5 Foods You Can Grow to Save the Most Money


| 4/28/2015 2:54:00 PM



Greg CarboneFinancial experts say The Great Recession we experienced a few years back created a new generation of savers. Everywhere you look people are seeking ways to save money while improving their overall qualities of life.

Growing your own food can certainly save you money. Plus, it helps to create a much healthier lifestyle. After all, it is harder to eat unhealthy when you have a farmers market right in your backyard. The popularity of home grown vegetables, fruits and herbs combined with people's desires to live healthier have combined to form an encouraging trend. I created the DIY Backyard Farm to help enable more people to grow their own healthy delicious produce.

When it comes to saving money, not all edible plants are created equal. Here are my Top 5 favorite money saving (and tasty) edible plants to grow:

  • Beets – These amazing plants have a double impact on your “bottom line.” You can eat the beet greens (the leaves and stems) and you can also eat the root portion. Most people are familiar with just eating the root. I like to harvest the greens slowly throughout the season while allowing the beet root to grow. This can be accomplished by removing a few of the outer leaves. Do not pick the center leaves.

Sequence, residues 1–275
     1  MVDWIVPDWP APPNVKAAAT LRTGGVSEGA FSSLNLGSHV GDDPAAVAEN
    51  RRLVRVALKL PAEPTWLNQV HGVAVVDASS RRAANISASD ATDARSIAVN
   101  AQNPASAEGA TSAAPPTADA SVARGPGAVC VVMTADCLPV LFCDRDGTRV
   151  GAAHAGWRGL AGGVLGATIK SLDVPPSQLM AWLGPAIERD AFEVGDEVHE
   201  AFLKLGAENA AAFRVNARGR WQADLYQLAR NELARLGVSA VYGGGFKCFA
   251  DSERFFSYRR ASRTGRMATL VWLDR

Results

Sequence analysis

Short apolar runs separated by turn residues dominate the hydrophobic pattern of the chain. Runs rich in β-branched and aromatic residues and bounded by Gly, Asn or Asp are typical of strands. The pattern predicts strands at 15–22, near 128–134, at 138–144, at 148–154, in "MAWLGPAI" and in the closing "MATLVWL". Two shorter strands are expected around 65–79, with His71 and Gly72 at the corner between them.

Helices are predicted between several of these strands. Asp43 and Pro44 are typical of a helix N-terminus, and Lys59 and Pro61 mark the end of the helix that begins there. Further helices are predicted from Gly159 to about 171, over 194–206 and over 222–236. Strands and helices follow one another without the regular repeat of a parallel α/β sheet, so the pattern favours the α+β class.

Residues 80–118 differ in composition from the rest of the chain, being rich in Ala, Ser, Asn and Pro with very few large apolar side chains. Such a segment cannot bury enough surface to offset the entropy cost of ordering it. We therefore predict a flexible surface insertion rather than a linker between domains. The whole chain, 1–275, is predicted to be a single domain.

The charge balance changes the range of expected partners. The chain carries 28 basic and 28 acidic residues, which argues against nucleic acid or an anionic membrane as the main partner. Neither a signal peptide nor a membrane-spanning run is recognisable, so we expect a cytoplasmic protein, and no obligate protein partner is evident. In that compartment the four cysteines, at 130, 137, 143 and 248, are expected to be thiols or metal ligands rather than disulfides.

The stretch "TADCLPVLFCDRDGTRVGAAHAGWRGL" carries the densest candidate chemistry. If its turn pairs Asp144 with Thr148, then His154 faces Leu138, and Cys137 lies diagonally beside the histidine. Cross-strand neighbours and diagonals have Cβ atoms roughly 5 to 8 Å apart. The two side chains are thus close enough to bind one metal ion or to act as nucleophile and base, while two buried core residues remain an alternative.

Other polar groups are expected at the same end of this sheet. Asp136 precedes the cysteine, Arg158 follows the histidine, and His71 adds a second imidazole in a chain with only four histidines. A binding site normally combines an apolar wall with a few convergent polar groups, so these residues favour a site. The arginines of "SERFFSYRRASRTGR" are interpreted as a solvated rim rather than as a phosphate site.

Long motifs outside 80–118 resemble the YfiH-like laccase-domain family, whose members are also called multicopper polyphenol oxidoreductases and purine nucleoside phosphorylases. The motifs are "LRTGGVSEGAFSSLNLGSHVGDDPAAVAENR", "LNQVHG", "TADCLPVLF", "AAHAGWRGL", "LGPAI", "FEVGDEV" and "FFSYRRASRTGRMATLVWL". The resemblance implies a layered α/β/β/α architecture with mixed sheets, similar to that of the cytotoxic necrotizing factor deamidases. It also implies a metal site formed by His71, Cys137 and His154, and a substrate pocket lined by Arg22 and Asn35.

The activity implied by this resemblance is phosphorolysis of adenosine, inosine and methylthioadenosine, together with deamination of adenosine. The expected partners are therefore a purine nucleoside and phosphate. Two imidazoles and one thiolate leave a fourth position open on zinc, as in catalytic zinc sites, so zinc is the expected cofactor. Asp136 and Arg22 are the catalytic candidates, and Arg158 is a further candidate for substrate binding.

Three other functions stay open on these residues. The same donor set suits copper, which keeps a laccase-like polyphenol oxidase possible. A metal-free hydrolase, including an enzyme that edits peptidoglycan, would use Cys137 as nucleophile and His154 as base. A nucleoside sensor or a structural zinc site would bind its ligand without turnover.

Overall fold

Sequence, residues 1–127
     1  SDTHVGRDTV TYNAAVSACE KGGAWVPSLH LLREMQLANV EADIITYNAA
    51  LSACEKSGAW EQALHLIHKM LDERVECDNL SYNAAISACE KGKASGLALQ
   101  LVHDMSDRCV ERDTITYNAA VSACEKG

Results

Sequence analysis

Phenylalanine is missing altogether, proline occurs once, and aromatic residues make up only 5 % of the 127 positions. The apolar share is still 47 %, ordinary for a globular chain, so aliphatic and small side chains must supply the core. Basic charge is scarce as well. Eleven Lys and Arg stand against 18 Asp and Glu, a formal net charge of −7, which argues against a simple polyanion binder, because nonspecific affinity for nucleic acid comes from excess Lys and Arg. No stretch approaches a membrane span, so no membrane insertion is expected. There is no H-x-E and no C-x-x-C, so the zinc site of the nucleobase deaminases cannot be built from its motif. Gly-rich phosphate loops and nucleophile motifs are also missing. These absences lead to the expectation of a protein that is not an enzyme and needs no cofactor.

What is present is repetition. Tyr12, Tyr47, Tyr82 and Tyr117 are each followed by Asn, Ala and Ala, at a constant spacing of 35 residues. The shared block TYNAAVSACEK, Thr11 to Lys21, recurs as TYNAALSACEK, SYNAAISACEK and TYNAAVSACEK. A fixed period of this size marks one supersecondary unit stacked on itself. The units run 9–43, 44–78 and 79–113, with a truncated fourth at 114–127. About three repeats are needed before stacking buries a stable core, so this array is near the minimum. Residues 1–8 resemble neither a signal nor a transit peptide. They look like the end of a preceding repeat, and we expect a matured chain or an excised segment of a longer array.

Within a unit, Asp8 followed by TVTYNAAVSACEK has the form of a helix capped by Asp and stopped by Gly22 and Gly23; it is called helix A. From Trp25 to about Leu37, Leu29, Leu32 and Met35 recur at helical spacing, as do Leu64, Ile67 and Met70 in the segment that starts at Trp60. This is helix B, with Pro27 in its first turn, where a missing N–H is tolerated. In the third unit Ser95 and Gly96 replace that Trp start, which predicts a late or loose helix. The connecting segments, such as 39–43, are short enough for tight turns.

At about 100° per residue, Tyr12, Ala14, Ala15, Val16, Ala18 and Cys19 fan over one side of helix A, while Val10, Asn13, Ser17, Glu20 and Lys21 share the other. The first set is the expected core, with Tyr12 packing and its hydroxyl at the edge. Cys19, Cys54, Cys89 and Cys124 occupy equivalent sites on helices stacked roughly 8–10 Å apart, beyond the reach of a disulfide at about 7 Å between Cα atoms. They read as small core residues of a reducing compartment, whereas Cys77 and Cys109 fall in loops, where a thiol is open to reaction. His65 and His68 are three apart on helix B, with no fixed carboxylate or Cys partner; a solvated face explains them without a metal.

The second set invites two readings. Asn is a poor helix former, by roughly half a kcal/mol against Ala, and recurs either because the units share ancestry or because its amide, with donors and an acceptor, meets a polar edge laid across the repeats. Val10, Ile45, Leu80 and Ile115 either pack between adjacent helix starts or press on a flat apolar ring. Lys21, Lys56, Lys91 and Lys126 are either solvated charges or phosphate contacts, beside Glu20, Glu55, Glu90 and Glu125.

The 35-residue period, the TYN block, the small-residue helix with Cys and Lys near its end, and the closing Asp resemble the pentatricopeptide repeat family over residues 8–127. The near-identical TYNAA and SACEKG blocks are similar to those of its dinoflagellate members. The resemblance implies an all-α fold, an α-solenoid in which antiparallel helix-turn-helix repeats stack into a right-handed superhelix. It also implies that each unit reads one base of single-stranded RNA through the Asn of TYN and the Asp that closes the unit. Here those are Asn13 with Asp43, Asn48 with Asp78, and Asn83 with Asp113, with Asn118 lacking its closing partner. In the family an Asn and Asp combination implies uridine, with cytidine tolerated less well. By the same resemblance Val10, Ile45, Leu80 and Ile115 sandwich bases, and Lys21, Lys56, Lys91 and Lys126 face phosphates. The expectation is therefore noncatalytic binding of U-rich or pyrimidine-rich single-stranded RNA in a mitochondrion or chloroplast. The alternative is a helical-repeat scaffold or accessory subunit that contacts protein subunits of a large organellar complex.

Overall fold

beet

  • Kale – Kale has a really long growing season if you care for and harvest it right. We harvest pound after pound of it from May – January here on The DIY Backyard Farm. To ensure a long growing season just harvest the leaves that are away from the center and top of the plant. Usually these are the lower, more mature leaves of the kale plant.

kale



  • Tomatoes – Have you looked at tomato prices lately? They are outrageous! Heirloom tomatoes in particular can set you back $7.99 a pound or more in fancy supermarkets. Not so on the DIY Backyard Farm. We grow hundreds of pounds of tomatoes each season. All our tomatoes are heirloom, non GMO and totally organic. I feel you can't put a price on such quality. However, at an average price of say $5 a pound, we are talking well over $1,000 of “return” on a really small investment.

tomato

Jim
7/6/2018 12:46:31 PM

Where can you get these IBC totes (I assume you're speaking of the wire-bound/on a metal pallet 275 gal totes)? How much do they cost? Thanks


Sydney
7/6/2018 7:31:03 AM

I am thinking that DeckApe forgot that you can purchase IBC totes and turn them into rain barrels thus reducing one's water bill.


www.EasyWoodwork.org
5/15/2018 9:16:42 PM

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